Year of the Ultrabook -- or the Ultradud?

Expect hype around Ultrabooks to reach new highs with CES just around the corner. But before you succumb, take a closer look at where the technology's heading

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Not likely. Right now, the Windows world is looking for Intel's Ivy Bridge processor, which will run faster and cooler than the current Intel Core i5 -- the center of most Ultrabooks right now -- and support both the Thunderbolt and USB 3 interface standards. Rumor has it that Ivy Bridge processors will start to trickle out in April.

Then there's the price. Chances are very good the CES Ultrabooks -- at least, the ones you can actually buy, and not just preorder -- will run Intel Core i5 or i7 processors; have 4GB of RAM, 128GB of SSD storage, and a 14-inch screen; run Windows 7 Home Premium; and tilt the pecuniary scales at $1,000 or so. Right now a Lenovo U300 with a Core i7, 4GB of RAM, Windows 7 Home Premium, a 13.3-inch monitor, and a 256GB SSD will set you back an ultra $1,499.  Compare that to a MacBook Air, with a Core i5, 4GB of RAM, a 128GB SSD, and a 13-inch screen priced at $1,299 -- or an 11-inch with 2GB of RAM, and a 64GB SDD at $999. And the MacBook Air's screen is a very tough act to follow.

Will Ultrabooks unveiled at CES give the MacBook Air a real run for the money, either in specs or in cost? I guess we'll see.

But all of this -- even the anticipated April arrival of Ivy Bridge -- reeks of short-term thinking, particularly because Windows 8's looming for a widely anticipated third-quarter release. Even if you don't anticipate running Windows 8 on one of these newfangled Ultrabooks, the Wintel market's going to change enormously in the third quarter. DigiTimes reports that Acer and Lenovo are both working on new tablet PCs based on Intel's Clover Trail-W processor, slated to ship in the third quarter. Clover Trail is shrouded in secrecy at this point, but it's destined to update the Atom chip technology with dual-core processing capability. It's Intel's answer to ARM architecture, and it's built with Windows 8 in mind.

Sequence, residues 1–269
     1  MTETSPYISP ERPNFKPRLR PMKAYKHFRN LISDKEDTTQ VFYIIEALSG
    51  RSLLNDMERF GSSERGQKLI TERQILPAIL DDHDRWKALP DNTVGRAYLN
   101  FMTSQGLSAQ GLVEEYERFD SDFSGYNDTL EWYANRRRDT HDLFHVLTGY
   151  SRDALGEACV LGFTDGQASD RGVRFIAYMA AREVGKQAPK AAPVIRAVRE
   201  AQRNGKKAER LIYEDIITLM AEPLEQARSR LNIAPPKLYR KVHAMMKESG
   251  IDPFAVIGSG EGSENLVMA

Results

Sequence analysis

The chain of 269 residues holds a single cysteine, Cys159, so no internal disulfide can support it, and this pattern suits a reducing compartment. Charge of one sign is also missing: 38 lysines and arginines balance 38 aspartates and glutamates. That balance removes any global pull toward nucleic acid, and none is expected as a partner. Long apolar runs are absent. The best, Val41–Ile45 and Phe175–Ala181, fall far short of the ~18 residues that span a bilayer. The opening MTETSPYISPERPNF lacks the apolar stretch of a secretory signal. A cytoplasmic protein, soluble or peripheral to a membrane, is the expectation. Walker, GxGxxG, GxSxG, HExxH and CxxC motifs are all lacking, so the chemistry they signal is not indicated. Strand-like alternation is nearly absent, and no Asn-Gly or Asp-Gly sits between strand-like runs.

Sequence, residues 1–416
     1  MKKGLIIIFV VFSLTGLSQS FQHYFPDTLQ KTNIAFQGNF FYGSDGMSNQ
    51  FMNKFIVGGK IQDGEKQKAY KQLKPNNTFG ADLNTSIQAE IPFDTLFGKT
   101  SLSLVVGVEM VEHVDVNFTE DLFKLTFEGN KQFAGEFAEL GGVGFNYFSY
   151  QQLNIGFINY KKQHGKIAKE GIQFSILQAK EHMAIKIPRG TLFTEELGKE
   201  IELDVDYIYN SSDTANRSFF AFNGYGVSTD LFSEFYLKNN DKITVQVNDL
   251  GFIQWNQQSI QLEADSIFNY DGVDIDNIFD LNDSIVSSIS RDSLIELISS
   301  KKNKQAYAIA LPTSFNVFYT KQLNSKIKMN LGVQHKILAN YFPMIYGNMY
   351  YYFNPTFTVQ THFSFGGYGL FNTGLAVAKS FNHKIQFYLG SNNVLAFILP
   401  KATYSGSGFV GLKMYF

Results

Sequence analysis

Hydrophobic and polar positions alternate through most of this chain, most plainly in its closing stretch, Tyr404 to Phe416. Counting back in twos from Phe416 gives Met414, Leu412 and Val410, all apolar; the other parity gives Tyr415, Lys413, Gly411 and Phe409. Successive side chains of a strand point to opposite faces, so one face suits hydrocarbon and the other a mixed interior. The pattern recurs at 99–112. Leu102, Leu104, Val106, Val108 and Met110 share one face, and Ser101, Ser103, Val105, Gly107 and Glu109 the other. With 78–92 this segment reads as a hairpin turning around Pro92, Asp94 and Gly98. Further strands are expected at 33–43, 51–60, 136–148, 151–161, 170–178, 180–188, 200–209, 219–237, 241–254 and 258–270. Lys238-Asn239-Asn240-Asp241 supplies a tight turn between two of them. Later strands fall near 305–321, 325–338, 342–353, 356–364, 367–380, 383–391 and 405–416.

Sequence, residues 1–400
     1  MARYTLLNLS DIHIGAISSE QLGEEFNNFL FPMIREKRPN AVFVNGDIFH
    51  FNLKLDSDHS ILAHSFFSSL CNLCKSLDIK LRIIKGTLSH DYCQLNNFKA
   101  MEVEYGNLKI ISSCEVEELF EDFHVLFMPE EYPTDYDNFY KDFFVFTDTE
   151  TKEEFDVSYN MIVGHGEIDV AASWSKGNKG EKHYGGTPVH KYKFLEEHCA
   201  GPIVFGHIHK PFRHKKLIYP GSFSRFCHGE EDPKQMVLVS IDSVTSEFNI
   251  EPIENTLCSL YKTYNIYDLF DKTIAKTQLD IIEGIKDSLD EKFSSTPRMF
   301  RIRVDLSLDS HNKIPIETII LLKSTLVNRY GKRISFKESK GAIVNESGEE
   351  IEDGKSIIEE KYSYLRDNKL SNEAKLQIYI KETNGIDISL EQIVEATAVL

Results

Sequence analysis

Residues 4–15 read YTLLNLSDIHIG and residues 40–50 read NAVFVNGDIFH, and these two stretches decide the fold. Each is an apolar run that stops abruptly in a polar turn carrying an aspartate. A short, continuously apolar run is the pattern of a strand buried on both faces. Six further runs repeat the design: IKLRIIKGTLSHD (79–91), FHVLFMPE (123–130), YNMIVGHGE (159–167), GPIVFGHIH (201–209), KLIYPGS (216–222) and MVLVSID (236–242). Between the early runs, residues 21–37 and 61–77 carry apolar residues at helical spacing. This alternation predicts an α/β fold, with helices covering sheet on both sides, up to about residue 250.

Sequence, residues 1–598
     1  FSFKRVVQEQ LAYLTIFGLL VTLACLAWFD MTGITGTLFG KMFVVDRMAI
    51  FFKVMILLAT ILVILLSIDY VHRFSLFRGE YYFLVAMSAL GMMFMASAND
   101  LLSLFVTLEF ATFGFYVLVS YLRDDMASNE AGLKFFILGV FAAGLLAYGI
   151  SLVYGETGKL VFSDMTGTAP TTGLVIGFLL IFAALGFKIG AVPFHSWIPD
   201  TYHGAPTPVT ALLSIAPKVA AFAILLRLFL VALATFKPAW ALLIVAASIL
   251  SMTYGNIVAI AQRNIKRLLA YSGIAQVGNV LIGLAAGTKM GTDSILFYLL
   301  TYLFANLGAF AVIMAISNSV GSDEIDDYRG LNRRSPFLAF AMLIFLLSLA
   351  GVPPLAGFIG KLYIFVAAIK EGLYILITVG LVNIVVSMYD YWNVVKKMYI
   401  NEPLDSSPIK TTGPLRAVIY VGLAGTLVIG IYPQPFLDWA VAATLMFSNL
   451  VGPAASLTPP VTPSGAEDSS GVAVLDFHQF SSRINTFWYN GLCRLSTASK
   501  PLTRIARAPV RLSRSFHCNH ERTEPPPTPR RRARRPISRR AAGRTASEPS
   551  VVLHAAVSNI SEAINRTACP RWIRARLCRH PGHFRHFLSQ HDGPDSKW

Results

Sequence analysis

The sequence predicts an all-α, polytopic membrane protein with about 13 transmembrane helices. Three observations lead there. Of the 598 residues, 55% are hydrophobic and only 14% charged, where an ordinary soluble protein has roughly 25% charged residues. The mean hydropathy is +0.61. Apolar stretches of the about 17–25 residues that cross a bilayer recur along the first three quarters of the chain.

The real wild card, particularly if you have to think about long-term investment: Will tablets improve sufficiently in the next year to handle just about everything you'd think of doing on an Ultrabook?

This story, "Year of the Ultrabook -- or the Ultradud?" was originally published at Get the first word on what the important tech news really means with the InfoWorld Tech Watch blog. For the latest developments in business technology news, follow on Twitter.

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